But during the early years of the French Revolution he rose to the top and became a voice of the people. A successful orator, he was the leader of the moderate position, favoring a constitutional monarchy built on the model of Great Britain. Lafayette, of American Revolutionary fame; was by now head of the French National Guard, knew Thomas Jefferson, then the US Ambassador to France, and hooked Tom up with Mirabeau. Lafayette, with Mirabeau’s help, took some of Tom’s ideas and used them write much of “The Rights of Man,” the French rough equivalent to our “Declaration of Independence.”  

  

When he died in 1791 he was the first to be interred in Le Panthion National, the resting place of France’s greatest heroes, even though support for his moderate position was slipping away. The later discovery that he was in the pay of the king and the Austrian enemies of France caused his disgrace, again. So, he was disinterred from the Panthion and dumped in an anonymous grave.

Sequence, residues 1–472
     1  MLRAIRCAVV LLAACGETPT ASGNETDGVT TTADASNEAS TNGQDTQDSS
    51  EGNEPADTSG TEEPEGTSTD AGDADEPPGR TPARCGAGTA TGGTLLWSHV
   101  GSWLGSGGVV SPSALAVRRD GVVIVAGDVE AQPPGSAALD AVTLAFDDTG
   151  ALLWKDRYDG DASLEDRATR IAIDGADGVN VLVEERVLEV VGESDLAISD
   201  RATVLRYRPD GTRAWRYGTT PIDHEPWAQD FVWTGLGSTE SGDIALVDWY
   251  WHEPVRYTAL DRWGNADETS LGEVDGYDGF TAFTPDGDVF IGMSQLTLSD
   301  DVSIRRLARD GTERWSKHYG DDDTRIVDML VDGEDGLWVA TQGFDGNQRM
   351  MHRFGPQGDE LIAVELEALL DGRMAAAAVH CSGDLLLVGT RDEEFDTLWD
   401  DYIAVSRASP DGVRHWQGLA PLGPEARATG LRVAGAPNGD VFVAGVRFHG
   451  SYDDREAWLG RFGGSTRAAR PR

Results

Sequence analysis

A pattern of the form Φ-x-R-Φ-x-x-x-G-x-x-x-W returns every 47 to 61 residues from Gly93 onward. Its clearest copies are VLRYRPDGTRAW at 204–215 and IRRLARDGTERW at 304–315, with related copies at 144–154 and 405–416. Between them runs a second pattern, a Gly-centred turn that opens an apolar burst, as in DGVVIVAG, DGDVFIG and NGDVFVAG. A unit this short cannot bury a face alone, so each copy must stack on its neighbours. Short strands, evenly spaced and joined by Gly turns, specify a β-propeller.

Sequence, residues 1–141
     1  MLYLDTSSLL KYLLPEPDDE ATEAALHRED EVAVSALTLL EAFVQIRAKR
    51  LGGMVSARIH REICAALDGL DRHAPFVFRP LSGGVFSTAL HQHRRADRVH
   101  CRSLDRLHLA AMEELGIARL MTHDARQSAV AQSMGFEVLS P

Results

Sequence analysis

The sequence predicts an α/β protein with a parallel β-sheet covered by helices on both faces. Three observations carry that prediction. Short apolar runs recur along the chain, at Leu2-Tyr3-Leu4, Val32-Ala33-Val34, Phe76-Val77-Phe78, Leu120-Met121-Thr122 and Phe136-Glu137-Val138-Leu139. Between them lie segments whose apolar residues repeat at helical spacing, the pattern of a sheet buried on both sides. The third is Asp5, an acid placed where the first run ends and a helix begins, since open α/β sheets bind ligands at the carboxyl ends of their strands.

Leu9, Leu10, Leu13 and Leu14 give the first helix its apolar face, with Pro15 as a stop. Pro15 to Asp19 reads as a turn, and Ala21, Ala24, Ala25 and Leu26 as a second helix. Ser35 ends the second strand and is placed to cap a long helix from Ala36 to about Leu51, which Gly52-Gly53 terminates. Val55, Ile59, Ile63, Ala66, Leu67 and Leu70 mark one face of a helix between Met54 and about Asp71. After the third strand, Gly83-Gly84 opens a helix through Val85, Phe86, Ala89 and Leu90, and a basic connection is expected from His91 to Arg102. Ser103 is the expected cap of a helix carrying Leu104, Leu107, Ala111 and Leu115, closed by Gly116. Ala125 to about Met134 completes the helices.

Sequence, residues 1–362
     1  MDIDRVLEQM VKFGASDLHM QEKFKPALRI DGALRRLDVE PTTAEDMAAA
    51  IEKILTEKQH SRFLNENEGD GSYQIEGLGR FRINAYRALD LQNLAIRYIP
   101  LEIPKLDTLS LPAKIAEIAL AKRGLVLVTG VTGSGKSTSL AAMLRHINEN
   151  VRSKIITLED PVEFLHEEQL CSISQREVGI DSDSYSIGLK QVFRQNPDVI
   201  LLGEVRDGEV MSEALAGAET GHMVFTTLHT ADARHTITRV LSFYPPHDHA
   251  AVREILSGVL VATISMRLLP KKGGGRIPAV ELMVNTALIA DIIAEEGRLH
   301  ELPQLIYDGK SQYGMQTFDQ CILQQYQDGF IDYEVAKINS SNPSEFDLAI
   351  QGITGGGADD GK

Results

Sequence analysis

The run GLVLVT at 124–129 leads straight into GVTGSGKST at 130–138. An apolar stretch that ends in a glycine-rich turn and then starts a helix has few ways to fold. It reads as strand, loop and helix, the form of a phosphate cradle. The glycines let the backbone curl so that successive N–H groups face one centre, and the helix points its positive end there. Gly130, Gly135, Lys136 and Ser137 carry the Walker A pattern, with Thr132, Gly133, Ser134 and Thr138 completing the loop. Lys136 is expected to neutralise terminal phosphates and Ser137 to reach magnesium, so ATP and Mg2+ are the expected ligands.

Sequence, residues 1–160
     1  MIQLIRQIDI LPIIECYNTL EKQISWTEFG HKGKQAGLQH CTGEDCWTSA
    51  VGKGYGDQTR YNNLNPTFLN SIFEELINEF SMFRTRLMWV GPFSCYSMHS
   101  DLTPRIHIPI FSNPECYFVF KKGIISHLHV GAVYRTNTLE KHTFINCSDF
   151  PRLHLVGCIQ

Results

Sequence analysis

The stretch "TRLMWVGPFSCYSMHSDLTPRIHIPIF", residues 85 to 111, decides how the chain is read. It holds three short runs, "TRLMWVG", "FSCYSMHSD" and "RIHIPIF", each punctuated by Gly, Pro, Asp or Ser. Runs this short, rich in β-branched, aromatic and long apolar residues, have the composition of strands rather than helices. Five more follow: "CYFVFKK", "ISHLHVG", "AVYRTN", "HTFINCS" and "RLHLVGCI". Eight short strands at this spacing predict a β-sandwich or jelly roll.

Historians are deeply split on whether he was a great leader who almost saved the nation from “The Terror”, or a venal demagogue lacking political or moral values, i.e. a model for the perfect GOP presidential candidate.


From Rick Steves: Aix-en-Provence was founded in about 120 B.C. as a Roman military camp on the site of a thermal hot spring (in France, “Aix” refers to a city built over a hot spring). The Romans’ mission: to defend the Greek merchants of Marseille against the local Celts. Strategically situated, Aix-en-Provence was the first Roman base outside Italy—the first foreign holding of what would become a vast empire. (The region’s name—Provence—comes from its status as the first Roman province.) But Rome eventually fell, and the “barbarians” destroyed Aix-en-Provence in the fourth century. In 1481 the Count of